Published since 2004
With the realization that there will always be more music coming at him than he can keep up with, John wonders why anyone would think that jazz is dead or dying.
Day four of the TD Canada Trust Ottawa International Jazz Festival gave its audience a difficult choice: party time at Confederation Park with Rumba group The Conga Kings or an exploratory and completely spontaneous performance by genre-busting guitarist Bill Frisell. With a packed house at Frisell's special 8:00 PM event at Library and Archives Canada and a strong turnout at the park, it turns out that the OIJF planners made the right choice: the diverse programming is working to satisfy a broad spectrum of fans.
But first, the 5:00 PM Connoisseur series marked the return of a festival favorite, Canadian-born but US- based pianist Renee Rosnes. Rosnes and her trio, featuring two other Canadian jazz heroesbassist Neil Swainson and drummer Terry Clarkedelivered a nearly 90-minute performance, combining the uncomprehendingly underappreciated pianist's takes on a number of standards with a couple of strong originals that had the capacity audience captivated from the first note. With the renowned consistency of the Connoisseur Series it's hard to pick a favorite at this point, but Rosnes' performance. no doubt, will go down as one of the high points of this year's series.
It's been a couple of years since Rosnes' last recorded release as a leader, but she's been busy with, amongst other things, the SF Jazz Collective, responsible for four seasons of imaginative modern mainstream music, combining original compositions by the octet with a focus each year on creative arrangements of music by a different jazz icon. Since its inaugural season in 2004 the SF Jazz Collective has paid tribute to Ornette Coleman (SF Jazz Collective (Nonesuch, 2005)), John Coltrane (SF Jazz Collective 2 (Nonesuch, 2006)), Herbie Hancock and Thelonious Monk.
Rosnes, Swainson and Clarke don't play together often, but you'd be hard-pressed to find a more interactive post-bop trio. With plenty of eye contact, Swainson and Clarke not only navigated Rosnes' often challenging and up-tempo arrangements but drove them to new and unexpected places. It's not just that all three are fine musicians; it's that they are playing with ears and minds wide open, ready to take the slightest hint of an idea and run with it.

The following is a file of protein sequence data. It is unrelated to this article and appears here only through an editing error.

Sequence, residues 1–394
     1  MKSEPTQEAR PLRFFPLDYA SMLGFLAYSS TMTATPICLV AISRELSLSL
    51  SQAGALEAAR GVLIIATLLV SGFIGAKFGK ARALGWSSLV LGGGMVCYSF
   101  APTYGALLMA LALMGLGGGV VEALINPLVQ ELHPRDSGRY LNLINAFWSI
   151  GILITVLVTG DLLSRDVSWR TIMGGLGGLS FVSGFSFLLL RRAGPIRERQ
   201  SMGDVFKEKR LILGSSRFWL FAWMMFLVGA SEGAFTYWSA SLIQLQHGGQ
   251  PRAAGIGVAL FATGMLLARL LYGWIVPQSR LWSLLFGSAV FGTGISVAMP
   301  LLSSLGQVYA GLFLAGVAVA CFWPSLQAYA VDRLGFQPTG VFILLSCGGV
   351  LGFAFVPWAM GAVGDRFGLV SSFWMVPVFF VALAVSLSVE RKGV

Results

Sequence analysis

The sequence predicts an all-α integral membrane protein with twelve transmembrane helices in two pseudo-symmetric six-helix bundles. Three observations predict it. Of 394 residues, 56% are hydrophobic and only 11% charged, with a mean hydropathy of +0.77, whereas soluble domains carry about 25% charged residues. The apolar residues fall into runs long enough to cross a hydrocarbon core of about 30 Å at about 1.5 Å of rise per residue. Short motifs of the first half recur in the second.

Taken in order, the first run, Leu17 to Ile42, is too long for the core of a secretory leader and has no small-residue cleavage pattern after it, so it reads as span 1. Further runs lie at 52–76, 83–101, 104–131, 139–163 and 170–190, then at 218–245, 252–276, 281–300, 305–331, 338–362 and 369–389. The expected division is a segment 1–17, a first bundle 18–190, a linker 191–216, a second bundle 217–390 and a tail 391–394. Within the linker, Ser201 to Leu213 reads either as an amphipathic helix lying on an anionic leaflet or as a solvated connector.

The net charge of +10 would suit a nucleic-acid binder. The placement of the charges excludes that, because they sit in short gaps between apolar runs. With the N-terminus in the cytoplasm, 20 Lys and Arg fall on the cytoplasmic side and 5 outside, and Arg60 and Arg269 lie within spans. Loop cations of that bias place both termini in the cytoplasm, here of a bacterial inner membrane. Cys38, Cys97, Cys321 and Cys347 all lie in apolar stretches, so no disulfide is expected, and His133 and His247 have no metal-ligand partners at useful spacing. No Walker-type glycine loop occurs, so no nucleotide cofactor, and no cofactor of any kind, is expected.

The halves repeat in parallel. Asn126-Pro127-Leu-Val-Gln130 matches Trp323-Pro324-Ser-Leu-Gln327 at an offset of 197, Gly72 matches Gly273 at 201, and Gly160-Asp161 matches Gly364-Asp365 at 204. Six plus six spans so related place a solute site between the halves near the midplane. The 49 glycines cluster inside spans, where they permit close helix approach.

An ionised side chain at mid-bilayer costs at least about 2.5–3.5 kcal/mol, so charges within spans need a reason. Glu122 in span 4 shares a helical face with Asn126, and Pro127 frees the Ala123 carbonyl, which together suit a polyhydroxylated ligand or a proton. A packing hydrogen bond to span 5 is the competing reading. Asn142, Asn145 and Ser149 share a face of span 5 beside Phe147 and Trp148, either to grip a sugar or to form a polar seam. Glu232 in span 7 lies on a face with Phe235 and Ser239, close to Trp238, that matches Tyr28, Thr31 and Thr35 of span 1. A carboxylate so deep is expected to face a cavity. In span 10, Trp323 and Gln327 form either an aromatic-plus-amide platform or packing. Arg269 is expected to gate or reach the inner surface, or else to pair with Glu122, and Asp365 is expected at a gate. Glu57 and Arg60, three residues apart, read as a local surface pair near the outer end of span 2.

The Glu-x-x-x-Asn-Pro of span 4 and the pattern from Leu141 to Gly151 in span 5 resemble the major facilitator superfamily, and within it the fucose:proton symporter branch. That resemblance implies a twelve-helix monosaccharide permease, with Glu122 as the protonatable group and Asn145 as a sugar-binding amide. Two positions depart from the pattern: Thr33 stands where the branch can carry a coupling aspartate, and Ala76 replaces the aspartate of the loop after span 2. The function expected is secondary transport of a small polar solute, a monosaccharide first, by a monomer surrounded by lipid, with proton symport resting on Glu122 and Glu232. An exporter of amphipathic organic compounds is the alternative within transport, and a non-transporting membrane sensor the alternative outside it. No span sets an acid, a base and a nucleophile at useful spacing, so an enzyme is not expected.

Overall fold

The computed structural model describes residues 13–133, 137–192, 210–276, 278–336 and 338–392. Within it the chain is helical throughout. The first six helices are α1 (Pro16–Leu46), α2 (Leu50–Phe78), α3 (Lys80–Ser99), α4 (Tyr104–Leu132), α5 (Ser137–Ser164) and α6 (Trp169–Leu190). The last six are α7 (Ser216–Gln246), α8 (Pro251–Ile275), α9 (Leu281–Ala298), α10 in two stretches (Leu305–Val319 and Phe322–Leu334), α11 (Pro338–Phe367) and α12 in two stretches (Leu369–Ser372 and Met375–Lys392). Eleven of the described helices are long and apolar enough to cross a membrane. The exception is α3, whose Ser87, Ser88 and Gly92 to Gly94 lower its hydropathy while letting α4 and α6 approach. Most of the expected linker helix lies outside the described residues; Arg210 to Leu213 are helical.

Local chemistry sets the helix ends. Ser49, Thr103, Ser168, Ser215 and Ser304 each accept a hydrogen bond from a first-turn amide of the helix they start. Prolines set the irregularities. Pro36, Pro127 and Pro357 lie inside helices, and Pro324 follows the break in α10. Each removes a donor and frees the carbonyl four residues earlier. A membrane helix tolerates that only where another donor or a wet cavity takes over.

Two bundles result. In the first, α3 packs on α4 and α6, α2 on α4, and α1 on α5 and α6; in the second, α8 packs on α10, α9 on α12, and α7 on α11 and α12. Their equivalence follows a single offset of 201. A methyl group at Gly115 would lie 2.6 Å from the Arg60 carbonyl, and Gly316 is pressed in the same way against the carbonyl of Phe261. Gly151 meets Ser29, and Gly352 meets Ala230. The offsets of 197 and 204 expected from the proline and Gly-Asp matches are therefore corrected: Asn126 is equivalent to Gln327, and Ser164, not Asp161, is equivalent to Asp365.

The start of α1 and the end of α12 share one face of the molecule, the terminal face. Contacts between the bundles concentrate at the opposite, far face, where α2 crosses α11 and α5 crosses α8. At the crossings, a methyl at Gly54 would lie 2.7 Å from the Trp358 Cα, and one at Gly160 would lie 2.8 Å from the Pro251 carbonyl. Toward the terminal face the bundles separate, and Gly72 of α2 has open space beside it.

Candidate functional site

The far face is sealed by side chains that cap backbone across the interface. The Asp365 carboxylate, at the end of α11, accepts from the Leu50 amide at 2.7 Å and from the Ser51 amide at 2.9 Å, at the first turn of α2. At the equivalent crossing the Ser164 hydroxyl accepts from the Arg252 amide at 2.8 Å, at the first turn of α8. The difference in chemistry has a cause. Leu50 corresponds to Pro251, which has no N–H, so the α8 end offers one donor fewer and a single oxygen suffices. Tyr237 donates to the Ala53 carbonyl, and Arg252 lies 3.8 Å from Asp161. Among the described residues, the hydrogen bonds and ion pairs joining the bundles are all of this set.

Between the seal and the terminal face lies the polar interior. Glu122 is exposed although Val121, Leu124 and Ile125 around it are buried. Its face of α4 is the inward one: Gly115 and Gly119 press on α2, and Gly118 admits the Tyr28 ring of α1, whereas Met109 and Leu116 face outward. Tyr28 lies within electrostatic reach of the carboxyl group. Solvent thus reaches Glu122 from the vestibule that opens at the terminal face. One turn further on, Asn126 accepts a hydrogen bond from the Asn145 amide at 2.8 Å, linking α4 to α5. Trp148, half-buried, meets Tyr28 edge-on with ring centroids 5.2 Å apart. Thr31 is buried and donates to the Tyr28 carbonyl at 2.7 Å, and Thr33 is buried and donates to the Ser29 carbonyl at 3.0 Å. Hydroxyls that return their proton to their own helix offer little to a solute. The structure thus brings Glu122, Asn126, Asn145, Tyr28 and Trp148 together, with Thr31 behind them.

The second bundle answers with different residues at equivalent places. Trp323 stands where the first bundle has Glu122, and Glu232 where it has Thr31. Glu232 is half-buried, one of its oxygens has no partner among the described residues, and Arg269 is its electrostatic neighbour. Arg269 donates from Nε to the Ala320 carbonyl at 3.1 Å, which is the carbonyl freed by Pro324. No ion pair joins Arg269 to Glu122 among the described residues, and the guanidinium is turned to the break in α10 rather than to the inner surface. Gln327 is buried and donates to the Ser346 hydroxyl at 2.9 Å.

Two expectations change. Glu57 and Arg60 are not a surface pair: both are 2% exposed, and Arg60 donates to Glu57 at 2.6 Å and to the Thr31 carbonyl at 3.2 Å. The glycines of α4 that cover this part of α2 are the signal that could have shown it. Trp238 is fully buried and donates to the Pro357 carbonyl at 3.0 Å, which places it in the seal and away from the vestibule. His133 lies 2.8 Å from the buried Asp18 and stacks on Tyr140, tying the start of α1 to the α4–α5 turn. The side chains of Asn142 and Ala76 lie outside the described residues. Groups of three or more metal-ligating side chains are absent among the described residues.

Clarke is a national treasure, having spent many years south of the border working with artists including Jim Hall, Toshiko Akiyoshi and Jay McShann. He may be in his early sixties, but there's no denying his ability to create the gentlest of pulses on one song, while burning hard and heavy the next. He's a regular at the OIJF, demonstrating a surprising fusion energy with Larry Coryell in 2004 and nuanced grace the following day with Bill Mays. With Rosnes he combined the best of both worlds, kicking things off with a fiery reading of "Summer Nights" and providing a New Orleans Second Line rhythm behind Rosnes' unusual take on Monk's "Green Chimneys," while demonstrating contrasting subtlety on Antonio Carlos Jobim's melancholy "Modhina."
Swainson is further evidence of Canada's vibrant jazz scene, a bassist who has worked with everyone from international names including Woody Shaw and George Shearing to Canadian stars Ed Bickert, Rob McConnell and P.J. Perry. Like Clarke there seems to be nothing beyond his reach. An appropriately elegant version of Duke Ellington's "Sophisticated Lady" featured the bassist bowing its familiar theme ("How do you hold this thing?" he quipped when Rosnes introduced the tune as his showcase number) before returning to pizzicato for a solo that was rich in thematic construction.
Thematic construction was also a clear definer of Rosnes' approach to improvisation. With unequivocal virtuosity she found ways to thread melodies through Cole Porter's "Just One of Those Things" and her own "Dizzy Spells" (named for Rosnes by trumpeter Jon Faddis, alluding to Dizzy Gillespie's pride in being a good speller), even at a breakneck clip. Motifs would be introduced and, as the solo developed, return in altered form, providing a clear narrative made all the more impressive for its sheer spontaneity. Like Joey Calderazzo two days prior, Rosnes connected with the audience in an unassuming and natural way, providing contexts for the songs she introduced ("I don't speak Porteugese," she said when introducing "Modhina," "so I'm not sure what the words say but I'm pretty sure it's about love and heartbreak") and a little Canadian humor when Swainson, at one point in the set, apologized, causing her to remark "You Canadians are always apologizing."
Despite starting a little late, and with the pressure of having to get the stage cleared for Bill Frisell's 8:00 PM performance, there was still no denying the audience an encore. Perhaps one of the best indications of just how much fun the trio was having was Clarkenormally deadpan, but here cracking just the slightest hint of a grin. That grin may have been lost on most of the audience, but the interaction and visceral power of this trio's ability to transform even the most familiar of tunes into something fresh and exciting was not. class="f-right s-img">
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